Ignore what Buddy is doing in this exercise. Concentrate on your part — which is making it exciting and fun for your dog — of keeping your hands in position and starting and releasing on the leadoff leg.

Getting Buddy to respond to “Ready!”

The goal of Sequence 3 is to teach your dog to respond to the “Ready!” command:
1. Attach the leash to the training collar, and sit your dog at Heel position.
2. Hold the leash in Control Position and look at your dog, keeping your left shoulder absolutely straight.
3. Quietly and in an excited tone of voice, say, “Ready!”
4. Say “Buddy, heel,” start at a fast pace as quickly as you can for ten paces, and release.
5. Repeat ten times.
Here are a couple helpful hints for you as you do this sequence the first few times:

– Wait until you’ve finished the command before you start to run. It would hardly be fair to your dog to take off without having told him what you want. You may feel a little tension on the leash before Buddy understands that you want him to move with you.

– Resist the temptation to let your left hand trail out behind you when you feel a little tension on the leash, and resist the urge to let your left shoulder drop. Hook the thumb of your left hand under your waistband and lock it in place, and concentrate on keeping that left shoulder straight.

After four to five tries, you’ll notice that Buddy is actually responding when you say “Ready!” and is outrunning you.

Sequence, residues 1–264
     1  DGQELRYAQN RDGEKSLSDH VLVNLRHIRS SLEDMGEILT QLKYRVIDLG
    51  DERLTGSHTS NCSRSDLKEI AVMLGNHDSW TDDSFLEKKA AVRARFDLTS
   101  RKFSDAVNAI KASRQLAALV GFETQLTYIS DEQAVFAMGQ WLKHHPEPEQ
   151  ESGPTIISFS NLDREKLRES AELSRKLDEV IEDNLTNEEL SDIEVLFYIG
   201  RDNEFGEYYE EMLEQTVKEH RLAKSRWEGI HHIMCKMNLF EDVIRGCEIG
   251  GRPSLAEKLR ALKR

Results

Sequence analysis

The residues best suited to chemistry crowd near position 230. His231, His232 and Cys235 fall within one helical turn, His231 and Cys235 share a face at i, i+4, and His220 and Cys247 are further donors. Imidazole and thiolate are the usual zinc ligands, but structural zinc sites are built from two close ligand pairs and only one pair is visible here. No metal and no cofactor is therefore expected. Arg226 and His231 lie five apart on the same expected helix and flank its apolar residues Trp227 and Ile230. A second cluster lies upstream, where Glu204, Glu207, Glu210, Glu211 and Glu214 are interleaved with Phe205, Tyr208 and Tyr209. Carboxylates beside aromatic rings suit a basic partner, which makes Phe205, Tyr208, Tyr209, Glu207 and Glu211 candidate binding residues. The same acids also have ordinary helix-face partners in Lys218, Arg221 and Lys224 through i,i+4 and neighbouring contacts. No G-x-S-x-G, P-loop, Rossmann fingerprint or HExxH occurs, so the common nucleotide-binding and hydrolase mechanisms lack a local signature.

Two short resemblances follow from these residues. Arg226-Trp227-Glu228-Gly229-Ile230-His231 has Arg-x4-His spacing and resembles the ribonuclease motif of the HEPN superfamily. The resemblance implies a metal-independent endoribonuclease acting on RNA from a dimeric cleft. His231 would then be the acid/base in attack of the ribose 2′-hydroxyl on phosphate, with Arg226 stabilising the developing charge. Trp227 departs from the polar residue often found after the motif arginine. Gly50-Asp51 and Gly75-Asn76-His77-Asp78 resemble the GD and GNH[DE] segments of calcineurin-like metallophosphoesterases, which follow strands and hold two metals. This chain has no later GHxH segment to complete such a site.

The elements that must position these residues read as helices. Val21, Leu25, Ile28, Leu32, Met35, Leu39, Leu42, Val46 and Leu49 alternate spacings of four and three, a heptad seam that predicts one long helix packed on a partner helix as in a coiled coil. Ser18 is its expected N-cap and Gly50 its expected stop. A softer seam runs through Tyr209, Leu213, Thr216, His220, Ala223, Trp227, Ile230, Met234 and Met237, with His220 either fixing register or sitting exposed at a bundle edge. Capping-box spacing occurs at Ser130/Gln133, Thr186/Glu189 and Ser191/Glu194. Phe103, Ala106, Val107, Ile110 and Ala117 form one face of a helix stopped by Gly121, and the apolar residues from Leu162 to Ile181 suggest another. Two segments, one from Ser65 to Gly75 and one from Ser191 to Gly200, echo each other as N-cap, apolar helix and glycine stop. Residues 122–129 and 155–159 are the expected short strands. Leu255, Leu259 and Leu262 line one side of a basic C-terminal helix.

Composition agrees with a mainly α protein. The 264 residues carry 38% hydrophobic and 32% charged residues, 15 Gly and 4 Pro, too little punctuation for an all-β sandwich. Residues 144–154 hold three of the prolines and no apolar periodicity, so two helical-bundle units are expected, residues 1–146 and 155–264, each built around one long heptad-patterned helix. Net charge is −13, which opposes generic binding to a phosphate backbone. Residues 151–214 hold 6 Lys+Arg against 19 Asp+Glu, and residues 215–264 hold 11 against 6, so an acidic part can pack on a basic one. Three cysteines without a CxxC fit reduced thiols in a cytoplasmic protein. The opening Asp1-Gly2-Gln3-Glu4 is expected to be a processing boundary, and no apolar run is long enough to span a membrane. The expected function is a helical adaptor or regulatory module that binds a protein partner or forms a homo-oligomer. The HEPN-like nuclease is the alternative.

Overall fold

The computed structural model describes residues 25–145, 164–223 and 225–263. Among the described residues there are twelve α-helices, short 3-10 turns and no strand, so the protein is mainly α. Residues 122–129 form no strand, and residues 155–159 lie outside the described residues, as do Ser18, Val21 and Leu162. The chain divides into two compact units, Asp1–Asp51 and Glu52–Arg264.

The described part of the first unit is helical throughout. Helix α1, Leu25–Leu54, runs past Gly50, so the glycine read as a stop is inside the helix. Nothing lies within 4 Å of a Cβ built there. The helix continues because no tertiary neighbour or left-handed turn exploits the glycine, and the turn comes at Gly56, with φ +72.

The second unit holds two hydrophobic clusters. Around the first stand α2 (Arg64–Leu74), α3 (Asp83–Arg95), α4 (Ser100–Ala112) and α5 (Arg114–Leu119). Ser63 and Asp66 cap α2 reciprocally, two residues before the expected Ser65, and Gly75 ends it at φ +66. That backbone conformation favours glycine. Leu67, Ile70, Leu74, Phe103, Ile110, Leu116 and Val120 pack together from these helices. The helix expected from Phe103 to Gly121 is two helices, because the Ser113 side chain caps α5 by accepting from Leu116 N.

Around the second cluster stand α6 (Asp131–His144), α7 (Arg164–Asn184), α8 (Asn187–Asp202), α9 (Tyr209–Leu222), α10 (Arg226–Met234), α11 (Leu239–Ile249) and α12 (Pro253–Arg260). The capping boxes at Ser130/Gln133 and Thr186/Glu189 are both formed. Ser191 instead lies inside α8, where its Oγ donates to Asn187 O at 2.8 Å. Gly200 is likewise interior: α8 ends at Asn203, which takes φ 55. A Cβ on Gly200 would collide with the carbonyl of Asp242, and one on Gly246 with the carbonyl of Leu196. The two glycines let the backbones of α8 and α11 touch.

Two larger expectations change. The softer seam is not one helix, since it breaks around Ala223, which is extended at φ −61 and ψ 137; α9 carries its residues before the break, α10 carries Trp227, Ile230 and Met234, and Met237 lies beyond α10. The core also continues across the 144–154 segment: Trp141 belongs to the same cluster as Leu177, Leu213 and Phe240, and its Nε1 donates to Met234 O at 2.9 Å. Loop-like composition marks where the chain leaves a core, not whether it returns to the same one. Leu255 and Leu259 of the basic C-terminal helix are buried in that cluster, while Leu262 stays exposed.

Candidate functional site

Rewarding Buddy’s response

Sequence 4 rewards dogs that respond to the “Ready!” command and helps those that are a little slow to pick up on it:
1. With your dog sitting at a Heel position, neatly fold the leash into your left hand, which should be placed at your belt buckle.
2. Hold a treat in your right hand, placing your hand at your right side.
3. Look at your dog, smile, and say “Ready!”
4. Do one of the following:
5. Repeat until your dog responds without hesitation to the “Ready!” command.

Reinforcing the “Ready!” command

Sometimes Buddy will be distracted to such an extent that he won’t respond to the treat, much less the command. For those occasions, you need to be able to reinforce the command so that he’ll learn that when you say the magic word, he has to pay attention no matter what’s out there. Perform the following steps to reinforce the “Ready!” command, Sequence 5’s goal:
1. Attach the leash to the training collar, and sit your dog at Heel position.
2. Hold the leash in Control Position and look at your dog, keeping your left shoulder absolutely straight.

3. Give the “Ready!” command.

4. Do one of the following: